Rosewood is a hard, fragrant timber from the Southeast Asian Pterocarpus Indicus tree (pronounced: ter-oh-kar-pus). The heartwood is naturally resistant to decay and to attack by termites, and can reach a height of 30 meters. A pinkish wood with finely peppered grain, rosewood is highly prized for its: hardness, heaviness, wear resistance and its shaping to polishing, carving, mortising and finishing. Rosewood is well suited for cabinetmaking and fine woodworking. Finished furniture appears slender, but is naturally strong and heavy due to these ideal traits.

The color of rosewood's heartwood ranges from blood orange, golden brown, yellow, reddish brown, to a pink red. It darkens upon exposure and the patina darkens with age. The grain is typically interlocked and wavy, marked with pronounced twisted knots. Flat sawn surfaces have a flame figure; quartersawn surfaces exhibit a ribbon fugure.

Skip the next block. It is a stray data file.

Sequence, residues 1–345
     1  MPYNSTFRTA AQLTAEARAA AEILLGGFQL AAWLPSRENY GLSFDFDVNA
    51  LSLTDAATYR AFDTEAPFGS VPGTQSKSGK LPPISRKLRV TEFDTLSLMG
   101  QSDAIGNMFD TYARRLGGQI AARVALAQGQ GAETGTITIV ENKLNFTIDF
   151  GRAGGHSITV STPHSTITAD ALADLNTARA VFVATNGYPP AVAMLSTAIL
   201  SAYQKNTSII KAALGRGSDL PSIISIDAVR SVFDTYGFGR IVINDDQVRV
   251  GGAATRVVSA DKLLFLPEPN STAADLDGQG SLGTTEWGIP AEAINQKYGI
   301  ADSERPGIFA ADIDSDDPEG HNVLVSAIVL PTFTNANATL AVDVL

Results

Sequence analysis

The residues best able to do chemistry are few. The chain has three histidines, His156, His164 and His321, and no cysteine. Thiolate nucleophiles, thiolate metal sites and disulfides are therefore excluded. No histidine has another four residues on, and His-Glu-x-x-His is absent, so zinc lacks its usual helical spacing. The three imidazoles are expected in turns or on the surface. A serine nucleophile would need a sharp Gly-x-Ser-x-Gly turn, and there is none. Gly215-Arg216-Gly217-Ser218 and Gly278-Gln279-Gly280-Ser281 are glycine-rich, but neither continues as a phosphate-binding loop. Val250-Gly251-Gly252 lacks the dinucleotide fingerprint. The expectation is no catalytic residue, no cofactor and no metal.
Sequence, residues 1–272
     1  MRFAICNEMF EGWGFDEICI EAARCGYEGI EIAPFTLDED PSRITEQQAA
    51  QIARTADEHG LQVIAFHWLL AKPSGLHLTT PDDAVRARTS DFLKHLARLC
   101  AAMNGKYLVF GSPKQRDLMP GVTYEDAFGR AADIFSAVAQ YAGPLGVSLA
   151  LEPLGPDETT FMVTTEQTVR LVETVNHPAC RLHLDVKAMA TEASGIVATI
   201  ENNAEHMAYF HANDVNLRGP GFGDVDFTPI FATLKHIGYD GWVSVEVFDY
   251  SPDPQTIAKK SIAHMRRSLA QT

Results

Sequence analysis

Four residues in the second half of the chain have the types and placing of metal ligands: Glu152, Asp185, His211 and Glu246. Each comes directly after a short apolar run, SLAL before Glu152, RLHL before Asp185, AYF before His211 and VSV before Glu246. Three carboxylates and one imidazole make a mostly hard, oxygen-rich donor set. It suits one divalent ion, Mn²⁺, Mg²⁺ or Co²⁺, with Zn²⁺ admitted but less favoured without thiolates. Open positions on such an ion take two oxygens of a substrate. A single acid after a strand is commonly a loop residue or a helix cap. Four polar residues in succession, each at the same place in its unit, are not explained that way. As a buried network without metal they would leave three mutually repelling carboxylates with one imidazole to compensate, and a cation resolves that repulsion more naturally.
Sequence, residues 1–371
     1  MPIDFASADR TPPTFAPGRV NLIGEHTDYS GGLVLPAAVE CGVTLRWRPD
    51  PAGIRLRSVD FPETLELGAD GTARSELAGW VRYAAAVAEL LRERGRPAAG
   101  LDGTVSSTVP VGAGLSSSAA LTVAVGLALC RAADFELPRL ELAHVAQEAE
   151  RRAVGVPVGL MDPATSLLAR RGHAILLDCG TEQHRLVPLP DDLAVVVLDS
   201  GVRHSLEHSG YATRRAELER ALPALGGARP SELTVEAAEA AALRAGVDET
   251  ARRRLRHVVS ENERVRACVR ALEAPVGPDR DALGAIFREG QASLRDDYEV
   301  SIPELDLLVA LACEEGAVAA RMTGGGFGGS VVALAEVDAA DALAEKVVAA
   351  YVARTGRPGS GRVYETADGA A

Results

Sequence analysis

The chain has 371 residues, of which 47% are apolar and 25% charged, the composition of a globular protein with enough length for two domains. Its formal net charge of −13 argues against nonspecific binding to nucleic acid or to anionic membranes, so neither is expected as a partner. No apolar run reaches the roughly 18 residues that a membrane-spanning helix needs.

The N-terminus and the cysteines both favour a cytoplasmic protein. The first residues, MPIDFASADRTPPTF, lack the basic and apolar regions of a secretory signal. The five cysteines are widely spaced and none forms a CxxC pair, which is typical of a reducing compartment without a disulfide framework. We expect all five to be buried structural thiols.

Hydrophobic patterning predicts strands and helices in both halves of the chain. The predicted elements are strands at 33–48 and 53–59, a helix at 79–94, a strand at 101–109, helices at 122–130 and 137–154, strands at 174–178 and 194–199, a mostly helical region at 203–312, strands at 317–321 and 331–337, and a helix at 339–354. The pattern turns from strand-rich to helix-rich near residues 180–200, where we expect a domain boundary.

All-wood joinery is proven against the test of time with a sophisticated system of joinery perfected in the Ming Dynasty (1368-1644). One member is joined to the other in an equal fashion to create furniture, art, representing a totality of form, function, and balance.

The "floating panels" in mortise-and-tenon frames allow the wood to move without cracking, splitting or affecting the structural integrity. Such joinery techniques allow the wood to breath, flex as a structure, adapting to weatherand climate variations that force solid wood to expand and contract.

To this day, Ming Dynasty furniture are featured in permanent exhibitions at the finest museums such as: San Francisco's Asian Art Museum, New York's Metropolitan Museum of Art, Philadelphia's Museum of Art, Massachussets' Peabody Essex Museum, Shanghai's Museum, and Taiwan's National Palace Museum.